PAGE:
+ Most Arduino hardware (e.g. Seeedstudio Grove components) can be re-used, but of course require C# code
+ Apparently good commercial support available by GHI Electronics (see tinyclr.com)
– Only officially supported under Windows/Visual Studio
– Not real-time capable
+ Even easier to understand than .NET MF thanks to better VS integration, visual hardware composer
+ Excellent modular concept, very good for code and hardware re-use
+ Relatively powerful MCUs available, such as FEZ Cerberus (168 MHz processor, vs. 8-20 MHz for Arduino), although interpreted code is generally slower than unmanaged code.
– Still limited to Windows & not real-time capable
– Available hardware modules rather expensive, compared to e.g. Grove modules, and choice still limited
– Connector headers and ribbon cables relatively expensive
– 10 pins per module might be a waste of resources for simple modules like a single LED (daisy-chaining ability might mitigate this, but requires more circuitry)
There is a large number of distributors especially for Arduino-related hardware. For example, there are Sparkfun (USA), Seeedstudio, Iteadstudio (both China) or Robotshop (USA, EU), to only name a few. .NET MF and Gadgeteer hardware can be purchased directly at the manufacturer at GHI Electronics (USA) or Seeedstudio (which, as far as I know, both have come to an agreement to cross-stock their Gadgeteer products). See also the section on Netduino in the following section. For electronic fans based in Germany, EXP-Tech seems to be a good choice.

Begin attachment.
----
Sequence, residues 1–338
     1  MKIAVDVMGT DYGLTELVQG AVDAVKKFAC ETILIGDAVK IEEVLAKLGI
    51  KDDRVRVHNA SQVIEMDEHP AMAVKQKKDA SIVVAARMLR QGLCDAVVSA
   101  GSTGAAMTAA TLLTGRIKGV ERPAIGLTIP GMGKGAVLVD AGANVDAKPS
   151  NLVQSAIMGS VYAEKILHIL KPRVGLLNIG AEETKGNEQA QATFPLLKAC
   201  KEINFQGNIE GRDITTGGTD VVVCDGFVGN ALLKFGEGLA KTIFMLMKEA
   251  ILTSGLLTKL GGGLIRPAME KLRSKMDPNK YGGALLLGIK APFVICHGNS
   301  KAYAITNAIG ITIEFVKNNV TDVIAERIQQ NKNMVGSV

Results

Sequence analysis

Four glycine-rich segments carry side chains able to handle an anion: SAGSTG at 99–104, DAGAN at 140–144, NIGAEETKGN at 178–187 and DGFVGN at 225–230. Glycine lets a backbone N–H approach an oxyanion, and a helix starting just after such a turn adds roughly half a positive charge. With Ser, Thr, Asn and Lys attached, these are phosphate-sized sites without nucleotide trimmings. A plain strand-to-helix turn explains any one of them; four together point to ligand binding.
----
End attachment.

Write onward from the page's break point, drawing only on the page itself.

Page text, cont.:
This article mainly concentrated on Arduino, the .NET Micro Framework and Gadgeteer, because these were the primary candidates that I studied for my planned student project. There are however, a few other alternatives that I want to mention briefly (in fact, the first option I am going to describe was used in the end).
“Grove” is the name of an electronics prototyping series by Seeedstudio, consisting of a series of electronic bricks (modules) with a standardized 4-pin connector (VCC, GND and two signal lanes). This is a concept similar, but not identical, to Gadgeteer; the Grove components (“Twigs”) are usually cheaper and often simpler, but mainly made for Arduino. The code is not as modular, and there is no visual designer or IDE integration of any kind. The Twigs are all connected to a base shield (“Stem”) that mounts on top of the Arduino.
As described in a separate blog entry, I designed a shield for the FEZ Panda II to allow use of Grove twigs on a .NET MF system.
Netduino, at first, is another hardware implementation of the .NET Micro Framework runtime. It comes in different versions, one of them having an Arduino-like form factor which should also fit the Grove base shield. Comparing the commercially offered FEZ Panda II by GHI Electronics to the classic, open-source Netduino is a different topic and out of the scope of this article; I decided for the FEZ Panda II as it offers more I/O pins, a faster MCU and some proprietary extensions such as USB Host support, runtime-loadable procedures (unmanaged code), etc.